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How Four Young Divers Found No Way Out Of A ‘Bottomless’ Hole And Drowned In Darkness
The sinkhole was discovered in 1938 (Image: ABC Australia)
The story has been told of how a “bottomless” pit of water claimed the lives of half a party of divers who became lost in its tunnels.
The deadly ‘Shaft’ was discovered by complete fluke after a confused farmer in 1938 checked why his horse had suddenly tripped up in a field.
A small patch of ground near Mount Gambier in southeast Australia had given way to a sinkhole that went down far deeper than the landowner could even test.
As news spread of the Shaft, adventurous divers travelled from afar to see what all the fuss what about, squeezing their bodies through a tiny gap before descending into a massive clear water cave.
A map of the ‘bottomless’ pit (Image: Cave Divers Association of Australia)
It was not until 1973 when thrill-seekers began swimming deeper into the subterranean labyrinth, that their trapped bodies were lost only to be later retrieved as corpses.
The main chamber itself spans 140 metres across and 80 metres wide at its narrowest, with two large tunnels leading off from either side of a rock pile 36 metres underwater, Borderwatch reports.
BorderWatch says the first accurate map and measurements of the “bottomless” cavern were drawn up over a decade after the tragedy, following 73 mapping and photographic dives by the CDAA Research Group.
On May 28 1973 eight divers entered The Shaft but only four climbed out, according to CaveDivers.com.au which published online a report of the drowning from former Chief Superintendent Wallace B. Budd.
He wrote: “There was no hope of recovering alive any of the overdue divers from the outset. Almost eight months elapsed before the first body was located and that was only by chance.
“The remaining victims stayed hidden in the cold, perilous depths of ‘The Shaft’ until two members of the squad were trained in deep diving techniques by Royal Australian Navy instructors.”
A diver entering the pit (Image: ABC Australia)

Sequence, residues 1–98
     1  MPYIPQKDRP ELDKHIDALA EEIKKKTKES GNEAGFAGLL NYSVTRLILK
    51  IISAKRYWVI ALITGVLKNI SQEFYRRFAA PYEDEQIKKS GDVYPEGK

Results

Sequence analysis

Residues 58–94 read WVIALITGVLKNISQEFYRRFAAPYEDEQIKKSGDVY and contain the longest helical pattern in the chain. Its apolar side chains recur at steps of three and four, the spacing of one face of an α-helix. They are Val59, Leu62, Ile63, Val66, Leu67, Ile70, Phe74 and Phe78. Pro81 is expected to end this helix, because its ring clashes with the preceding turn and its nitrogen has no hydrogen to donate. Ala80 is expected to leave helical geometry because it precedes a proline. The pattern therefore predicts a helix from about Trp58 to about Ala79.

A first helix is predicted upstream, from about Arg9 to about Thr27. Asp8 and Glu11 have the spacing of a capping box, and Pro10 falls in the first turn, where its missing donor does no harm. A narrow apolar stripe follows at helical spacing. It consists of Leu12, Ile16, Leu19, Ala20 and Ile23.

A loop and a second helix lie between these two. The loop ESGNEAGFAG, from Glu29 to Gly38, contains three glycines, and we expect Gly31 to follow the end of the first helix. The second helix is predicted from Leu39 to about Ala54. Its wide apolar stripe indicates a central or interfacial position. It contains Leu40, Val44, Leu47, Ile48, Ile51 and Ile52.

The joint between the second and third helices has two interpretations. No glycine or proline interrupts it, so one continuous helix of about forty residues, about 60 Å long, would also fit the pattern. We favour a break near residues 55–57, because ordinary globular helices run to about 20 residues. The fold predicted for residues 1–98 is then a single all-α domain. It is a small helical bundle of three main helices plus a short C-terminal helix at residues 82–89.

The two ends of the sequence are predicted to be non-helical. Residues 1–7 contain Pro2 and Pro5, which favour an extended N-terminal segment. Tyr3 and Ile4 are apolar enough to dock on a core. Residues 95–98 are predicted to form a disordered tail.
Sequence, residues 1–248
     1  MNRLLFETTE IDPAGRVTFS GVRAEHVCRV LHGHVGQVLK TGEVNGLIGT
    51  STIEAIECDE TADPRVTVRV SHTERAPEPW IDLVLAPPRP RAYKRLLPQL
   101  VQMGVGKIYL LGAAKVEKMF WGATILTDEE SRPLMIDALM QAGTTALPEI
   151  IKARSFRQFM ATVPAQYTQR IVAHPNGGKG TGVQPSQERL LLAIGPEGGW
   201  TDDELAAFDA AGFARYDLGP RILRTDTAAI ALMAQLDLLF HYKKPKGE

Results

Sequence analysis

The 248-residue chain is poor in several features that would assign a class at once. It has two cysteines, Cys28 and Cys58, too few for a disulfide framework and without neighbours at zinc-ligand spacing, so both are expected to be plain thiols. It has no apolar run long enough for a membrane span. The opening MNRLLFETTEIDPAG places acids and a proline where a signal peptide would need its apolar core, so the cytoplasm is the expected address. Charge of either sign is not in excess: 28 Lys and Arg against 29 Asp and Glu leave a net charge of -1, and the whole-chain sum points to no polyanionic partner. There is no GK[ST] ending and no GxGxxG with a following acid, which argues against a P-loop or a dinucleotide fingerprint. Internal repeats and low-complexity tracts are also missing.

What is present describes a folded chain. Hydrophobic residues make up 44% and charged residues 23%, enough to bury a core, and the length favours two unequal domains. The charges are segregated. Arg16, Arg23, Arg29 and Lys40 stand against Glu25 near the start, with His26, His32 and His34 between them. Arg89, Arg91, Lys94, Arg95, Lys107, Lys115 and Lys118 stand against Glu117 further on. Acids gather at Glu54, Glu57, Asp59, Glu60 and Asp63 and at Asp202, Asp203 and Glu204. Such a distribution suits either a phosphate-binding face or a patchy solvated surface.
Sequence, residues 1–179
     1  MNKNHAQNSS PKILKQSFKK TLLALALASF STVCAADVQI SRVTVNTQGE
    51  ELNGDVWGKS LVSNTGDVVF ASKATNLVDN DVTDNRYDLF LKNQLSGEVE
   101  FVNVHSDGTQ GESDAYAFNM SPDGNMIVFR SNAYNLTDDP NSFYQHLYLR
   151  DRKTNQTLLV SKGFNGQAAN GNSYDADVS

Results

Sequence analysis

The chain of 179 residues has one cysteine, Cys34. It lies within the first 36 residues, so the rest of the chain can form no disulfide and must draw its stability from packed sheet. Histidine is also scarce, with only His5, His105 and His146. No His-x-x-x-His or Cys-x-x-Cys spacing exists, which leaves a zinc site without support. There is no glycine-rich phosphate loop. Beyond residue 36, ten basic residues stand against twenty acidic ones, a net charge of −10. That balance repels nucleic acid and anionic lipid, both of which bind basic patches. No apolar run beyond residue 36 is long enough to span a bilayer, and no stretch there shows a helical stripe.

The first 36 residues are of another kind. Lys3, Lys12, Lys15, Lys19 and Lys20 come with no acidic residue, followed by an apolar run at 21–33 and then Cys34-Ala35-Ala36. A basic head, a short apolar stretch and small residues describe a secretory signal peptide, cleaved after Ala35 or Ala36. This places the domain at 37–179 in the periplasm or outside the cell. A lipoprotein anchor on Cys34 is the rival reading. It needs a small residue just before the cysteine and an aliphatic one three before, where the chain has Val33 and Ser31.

After rigorous training to ensure the crew did not fall to the same fate of those they endeavoured to find, officers descended into the pit.
Over the course of separate dives, the bodies of siblings Stephen Millott, 22, and Christine M. Millott, 19, were found, along with Gordon G Roberts, 28, and John H Bockerman.
The Millotts’ brother, Glen, 25, was one of the four survivors and despite his best efforts to rescue Stephen and Christine, he could not find them anywhere.
Before the disaster, 8,000 dives are estimated to have been made at what soon became known as one of the world’s “most spectacular diving caves”, CaveDivers.com.au reports.
It is believed that everything went wrong for the four fatalities in 1973 when they left the clear, sunlit main chamber for a tunnel that blacked out with all the silt they stirred up.
Survivor Robert Smith who was 26 at the time, told an inquest that he had left the group after feeling the symptoms of nitrogen narcosis – the result of nitrogen entering the blood at depths greater than 120 feet.
Running out of oxygen Glen Millott also headed for the rock pile, leaving the group look for animal bones at 130 feet.
Larry Reynolds and Peter Burr also emerged.
Diver between the narrow walls (Image: ABC Australia)
Worried about his brother, sister and the others, Glen went back down in search of them but returned empty handed.
Smith joined him and said: “I immediately went to where I had last seen the others and in fact, I went to 200 feet towards the ‘drop off’, and just before the ‘drop off’ I found Stephen Millott’s torch and camera.
“I went on and noticed that the bottom had become silted up very badly. I went over the ‘drop off’ to 225 feet. I could not see a hand in front of me. I could not see anybody.”
Following the coroner’s damning verdict of the lack of precautionary measures taken by the group, Wallace B. Budd writes that our natural curiosity means their deaths in The Shaft would not be the last.
He said: “The grim fact remains that four intrepid young people, in the flower of their youth, died in pursuit of an objective – the exploration of the perimeter of the vast floor of “The Shaft” surrounding the “rock pile”.
“Sadly theirs is the old story of high adventure gone wrong. So long as the human race endures and walks hand-in-hand with the Goddess Curiosity, the story will have many sequels.”
Mr Budd was right as among the horrific cave diving stories since 1973, is that of 26-year-old medical student John Edward Jones who became stuck in Utah in 2009.
Source: Daily Star UK